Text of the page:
Dear Friend of Saint Francis:
It was on September 25, 1988, that Pope John Paul II declared Frederick Jansoone blessed. The beatification was significant in many ways. It crowned with glory the life of a friar who had distinguished himself in humility by his intelligence and gifted communication.
Blessed Frederic was born in 1838 in France, near the Belgian border, of wealthy Flemish farm parents, the youngest of thirteen children, some of whom later joined religious orders. He was nine when his father died. Despite financial hardships, Blessed Frederic ranked high among students at the college that he attended at Dunkirk. His studies were interrupted, however, by the financial ruin of his family. He took a job in the textile trade as a salesman. This choice appears to have been prophetic as he would later become a tireless promoter of the Holy Land.
After his mother died in 1861, the twenty-three-year-old experienced a strong desire to join the Franciscan order. He made his initial vows in 1865 and went on to study philosophy at Limoges and theology at Bourges. His first ministry assignment was in a make-shift hospital before serving on the front as a chaplain in the Franco-Prussian War.
He was co-founder and superior of the friary at Bordeaux, but responsibility for a community did not suit him. His gifts were best suited to preaching retreats, leading pilgrimages and writing in newspapers. In 1876, he asked to be transferred to the Holy Land. He served initially at the Church of the Holy Sepulchre, where he negotiated a framework for regulating services there and at the Basilica of the Nativity in Bethlehem, enabling Greeks, Latins, Roman Catholics, Armenians, Copts and Abyssinians to share these sacred places.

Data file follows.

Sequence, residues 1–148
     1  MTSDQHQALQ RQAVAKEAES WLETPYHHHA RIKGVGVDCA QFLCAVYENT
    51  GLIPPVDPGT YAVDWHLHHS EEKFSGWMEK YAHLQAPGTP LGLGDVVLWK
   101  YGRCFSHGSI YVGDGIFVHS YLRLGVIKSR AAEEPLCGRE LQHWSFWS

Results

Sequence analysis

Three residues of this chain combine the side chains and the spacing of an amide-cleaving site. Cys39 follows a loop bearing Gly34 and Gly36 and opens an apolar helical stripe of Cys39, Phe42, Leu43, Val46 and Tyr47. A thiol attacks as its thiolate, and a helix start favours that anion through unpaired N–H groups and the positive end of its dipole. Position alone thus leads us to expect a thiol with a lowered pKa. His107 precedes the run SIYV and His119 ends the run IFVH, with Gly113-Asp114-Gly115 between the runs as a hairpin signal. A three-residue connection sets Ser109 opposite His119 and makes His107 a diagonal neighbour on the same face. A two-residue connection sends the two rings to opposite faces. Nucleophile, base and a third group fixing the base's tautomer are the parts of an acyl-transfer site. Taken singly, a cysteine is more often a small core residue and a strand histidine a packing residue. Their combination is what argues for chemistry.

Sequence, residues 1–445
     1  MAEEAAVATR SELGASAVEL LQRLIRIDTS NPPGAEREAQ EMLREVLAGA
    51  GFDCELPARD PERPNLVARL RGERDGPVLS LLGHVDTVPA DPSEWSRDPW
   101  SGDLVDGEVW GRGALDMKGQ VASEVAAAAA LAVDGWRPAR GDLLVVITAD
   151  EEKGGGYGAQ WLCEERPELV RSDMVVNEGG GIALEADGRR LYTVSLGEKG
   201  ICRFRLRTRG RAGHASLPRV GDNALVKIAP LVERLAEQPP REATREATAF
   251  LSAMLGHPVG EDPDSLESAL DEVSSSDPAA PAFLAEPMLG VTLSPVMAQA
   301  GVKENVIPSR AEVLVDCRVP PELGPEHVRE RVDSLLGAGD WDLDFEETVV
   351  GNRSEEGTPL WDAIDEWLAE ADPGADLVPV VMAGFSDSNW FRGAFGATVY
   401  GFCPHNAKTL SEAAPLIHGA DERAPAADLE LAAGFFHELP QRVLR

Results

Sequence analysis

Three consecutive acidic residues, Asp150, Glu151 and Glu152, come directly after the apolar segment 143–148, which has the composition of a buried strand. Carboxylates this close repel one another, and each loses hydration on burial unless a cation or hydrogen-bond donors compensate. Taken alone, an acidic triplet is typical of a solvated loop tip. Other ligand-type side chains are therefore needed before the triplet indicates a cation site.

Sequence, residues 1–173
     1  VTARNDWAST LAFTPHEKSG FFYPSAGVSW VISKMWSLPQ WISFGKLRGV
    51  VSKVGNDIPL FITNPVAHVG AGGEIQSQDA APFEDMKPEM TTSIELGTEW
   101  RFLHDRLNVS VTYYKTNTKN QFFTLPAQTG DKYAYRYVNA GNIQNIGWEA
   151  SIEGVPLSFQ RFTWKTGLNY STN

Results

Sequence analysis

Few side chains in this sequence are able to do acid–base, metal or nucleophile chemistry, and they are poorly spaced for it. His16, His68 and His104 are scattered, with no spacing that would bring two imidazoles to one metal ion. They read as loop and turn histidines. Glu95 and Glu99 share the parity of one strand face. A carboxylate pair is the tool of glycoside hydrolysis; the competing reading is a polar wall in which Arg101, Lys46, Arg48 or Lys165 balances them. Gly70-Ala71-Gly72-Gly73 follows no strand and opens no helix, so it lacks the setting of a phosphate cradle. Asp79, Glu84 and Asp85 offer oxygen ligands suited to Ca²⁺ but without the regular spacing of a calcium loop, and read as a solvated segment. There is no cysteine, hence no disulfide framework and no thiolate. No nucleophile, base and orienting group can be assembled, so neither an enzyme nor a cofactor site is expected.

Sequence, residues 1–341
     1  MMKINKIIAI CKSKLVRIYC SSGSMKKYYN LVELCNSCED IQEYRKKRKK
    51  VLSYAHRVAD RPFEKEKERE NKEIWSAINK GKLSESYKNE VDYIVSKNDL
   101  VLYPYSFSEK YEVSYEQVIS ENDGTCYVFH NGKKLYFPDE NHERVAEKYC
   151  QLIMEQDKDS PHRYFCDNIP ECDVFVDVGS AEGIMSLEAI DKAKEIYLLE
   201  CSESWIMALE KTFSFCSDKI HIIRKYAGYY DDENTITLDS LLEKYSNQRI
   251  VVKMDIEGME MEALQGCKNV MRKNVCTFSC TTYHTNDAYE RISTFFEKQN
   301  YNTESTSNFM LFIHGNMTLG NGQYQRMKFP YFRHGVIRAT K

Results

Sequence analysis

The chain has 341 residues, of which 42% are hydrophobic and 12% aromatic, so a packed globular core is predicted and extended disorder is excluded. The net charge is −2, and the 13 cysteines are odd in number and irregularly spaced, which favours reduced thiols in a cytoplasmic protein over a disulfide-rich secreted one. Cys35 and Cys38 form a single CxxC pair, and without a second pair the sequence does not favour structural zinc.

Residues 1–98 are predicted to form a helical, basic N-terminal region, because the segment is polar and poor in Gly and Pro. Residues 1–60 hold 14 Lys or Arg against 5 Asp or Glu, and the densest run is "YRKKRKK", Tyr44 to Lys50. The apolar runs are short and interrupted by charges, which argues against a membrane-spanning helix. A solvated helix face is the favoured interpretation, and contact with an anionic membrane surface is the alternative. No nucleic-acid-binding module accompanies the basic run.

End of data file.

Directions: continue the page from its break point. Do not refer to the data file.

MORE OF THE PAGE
Soon after, Blessed Frederic was named assistant custos (guardian), a mandate of protection of holy sites that had been conferred on the Franciscan order as early as 1342. Father Frederic preached in the places made sacred by Jesus himself. He is remembered even to this day for reviving an old custom of having pilgrims make the Stations of the Cross throughout the streets of Jerusalem.
His ministry in Canada began as a fundraising tour in 1881. Diverted from this purpose in France, he travelled to “New France” on the basis of a chance encounter in Paris with Fr. Léon Provencher, a parish priest from Cap Rouge. Friar Frederic’s talents served him well and his joyful spirit made him much loved immediately. His sermons and talks were said to be filled with interesting facts about the Holy Land. Soon he would establish in Canada the Good Friday collection that still to this day finances maintenance and ministry works in the Holy Land.
Blessed Frederic left for a time to take up duties again as assistant custos in the Holy Land. But, before doing so, he tried to persuade the Franciscans—absent since the suppression of the Recollets in 1796—to return to Canada. He also worked tirelessly to build up the shrine dedicated to Our Lady at Cap-de-la-Madeleine until handing over responsibility in 1902 to the Oblates of Mary Immaculate.